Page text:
Bishop Glen John Provost
Bishop of Lake Charles
Homily for Good Friday
Friday, March 21, 2008
Cathedral of the Immaculate Conception

"Son though He was, He learned obedience from what He suffered, and when perfected, He became the source of eternal salvation for all who obey Him." Hebrews 5:8-9

Some etymologists believe that our English word "tragedy" derives from the Greek word for goat, "tragos" The reason for this connection between a goat and the literary, dramatic, or religious significance of tragedy remains obscured in the mists of pre-history, but I think that there is a connection which helps us understand what it is we are doing this Good Friday afternoon.

Goats, along with oxen, cattle, and lambs, were considered sacrificial animals in the ancient world, not just for the Jews but also the Greeks and many others. There was one very important use for the goat described in the Book of Leviticus 16. In this Law of Moses two goats were procured. Aaron, Moses¹ successor, was to take one goat and sacrifice it, but the other goat was to be used much as a priest is used in the Sacrament of Penance. Leviticus reads, Aaron shall take the goat and "laying both hands on its head, he shall confess over it all the sinful faults and transgressions of the Israelites and so put them on the goat¹s head. He shall then have it led into the desert by an attendant. Since the goat is to carry off their iniquities to an isolated region, it must be sent away into the desert" (Leviticus 16:21-22). The goat was to take upon itself the sins and failings of the people, in English, the "scapegoat."

Is this not what Jesus does on the cross of Good Friday? In the words of Isaiah, "It was our infirmities that he bore, our sufferings that he endured" (Isaiah 53:4). Jesus is our advocate who always pleads our cause by reason of His redeeming death. In every confession of fault and sin we allow Jesus to absorb, as it were, each weakness and failing into His wounds, so that His offering to the Father of Himself becomes an offering for us. He escapes with our sins so that we might be forgiven and redeemed. We speak our sins not onto the head of a goat, but we speak them into the ear of God through the priest who represents Christ, the crucified, sacrificial redeemer.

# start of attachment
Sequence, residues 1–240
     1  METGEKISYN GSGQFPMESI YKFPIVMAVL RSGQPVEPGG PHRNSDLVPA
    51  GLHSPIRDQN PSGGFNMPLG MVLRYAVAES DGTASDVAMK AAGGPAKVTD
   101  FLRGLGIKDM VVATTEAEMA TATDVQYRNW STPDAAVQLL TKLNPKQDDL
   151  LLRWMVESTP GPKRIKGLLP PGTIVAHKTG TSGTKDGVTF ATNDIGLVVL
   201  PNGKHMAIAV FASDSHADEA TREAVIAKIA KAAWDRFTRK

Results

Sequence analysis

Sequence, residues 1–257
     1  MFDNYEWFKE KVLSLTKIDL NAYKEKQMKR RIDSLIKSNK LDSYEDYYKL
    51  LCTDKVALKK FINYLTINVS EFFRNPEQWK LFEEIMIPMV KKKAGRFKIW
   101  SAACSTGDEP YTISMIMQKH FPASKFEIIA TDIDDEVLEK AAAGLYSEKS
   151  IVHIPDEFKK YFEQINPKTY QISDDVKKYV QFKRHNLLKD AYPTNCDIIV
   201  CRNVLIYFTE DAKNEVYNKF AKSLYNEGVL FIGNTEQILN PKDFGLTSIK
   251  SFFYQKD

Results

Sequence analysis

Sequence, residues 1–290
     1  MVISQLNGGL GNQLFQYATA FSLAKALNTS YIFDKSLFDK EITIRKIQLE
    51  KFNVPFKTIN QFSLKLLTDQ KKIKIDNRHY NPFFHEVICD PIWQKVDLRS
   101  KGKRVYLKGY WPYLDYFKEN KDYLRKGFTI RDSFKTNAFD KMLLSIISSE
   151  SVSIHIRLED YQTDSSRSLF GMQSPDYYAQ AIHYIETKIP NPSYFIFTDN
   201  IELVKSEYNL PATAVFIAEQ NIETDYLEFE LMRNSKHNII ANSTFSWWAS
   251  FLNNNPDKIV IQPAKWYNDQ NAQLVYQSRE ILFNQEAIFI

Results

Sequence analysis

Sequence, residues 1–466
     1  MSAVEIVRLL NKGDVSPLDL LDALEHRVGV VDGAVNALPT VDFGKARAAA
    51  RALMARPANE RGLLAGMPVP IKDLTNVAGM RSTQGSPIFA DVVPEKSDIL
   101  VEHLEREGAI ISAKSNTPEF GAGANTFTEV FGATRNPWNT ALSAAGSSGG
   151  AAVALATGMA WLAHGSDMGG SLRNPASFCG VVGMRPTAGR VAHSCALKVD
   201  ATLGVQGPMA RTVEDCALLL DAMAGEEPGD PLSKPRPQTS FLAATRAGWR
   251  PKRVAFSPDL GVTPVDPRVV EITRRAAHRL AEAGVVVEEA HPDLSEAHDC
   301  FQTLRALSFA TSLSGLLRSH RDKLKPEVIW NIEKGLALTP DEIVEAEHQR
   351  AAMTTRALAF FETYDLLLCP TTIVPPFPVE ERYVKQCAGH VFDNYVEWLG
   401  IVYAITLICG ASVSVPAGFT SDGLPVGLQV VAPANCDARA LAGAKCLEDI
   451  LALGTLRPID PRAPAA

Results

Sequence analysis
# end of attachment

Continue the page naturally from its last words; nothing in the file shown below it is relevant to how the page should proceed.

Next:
Let us return to tragedy, for I think that now we can step one foot deeper into the mystery. The greatest essay on tragedy was written by no one less than Aristotle, the tutor of Alexander the Great and the premier philosopher of the Greek Golden Age. In his Ars Poetica Aristotle said that tragedy consists in something terrible and undeserved happening to an otherwise virtuous hero. For tragedy to be real, however, there must be interaction between the audience and the hero. This he calls "catharsis." In other words, we must so identify with the tragic hero that we empty out our own tragedies into him and in so doing we are purged. Simply said, we go to see a tragic movie or play or read a tragic novel, see something of ourselves in the tragic hero, experience his defeat, pain or sorrow as our own, and empty ourselves out. We cry, our heart aches, we are left relieved of our burden. It is so simple, as simple as Good Friday, yet so profound.

Here we are not dealing with fiction. Here we are encountering reality. Goodness itself has been sacrificed, tortured, beaten, and slain. We are not just witnesses to this tragedy but participants. For that reason the Church has us read the Passion in a dramatic fashion. We may identify with any number of characters. We might be the arrogant High Priest, the indifferent Pontius Pilate, the denying Peter, the loving John, the betraying Judas, the weeping Mary Magdalen. We do not come without faults. We wag and toss our heads, we throw dice, we hammer nails. Most especially, I would hope, we come with our own human tragedies. What sorrows and tragedies have we experienced that are perhaps known only to ourselves and to God? The loneliness, the heartbreaks, the loss of a beloved, the rejection, the relentless human weaknesses that we have had to endure! They are the nails that have pierced our hands, the thorns that have drawn blood from our heads, the spears that have sunk deeply into our chests. Into a garden as lonely as the Mount of Olives or a hall as intimidating as Pilate¹s praetorium, we have descended and stood alone, feeling unknown even to ourselves. With the hero of this tragedy we can say, "It is finished" (John 19:30).

I know of no other religion in the history of mankind in which God makes Himself the sacrificial victim. I know of no other in which God invites us to His tragedy, no other in which God takes upon Himself our tragedy, and no other in which that tragedy involves so intimate a dynamic between the redeemer and the redeemed. The goat of our confession has escaped into the wilderness of pardon, and we do not follow. Unlike any other tragedy, redemption is opened to us. We remain behind, emptied, forgiven, and hopeful, awaiting the Resurrection.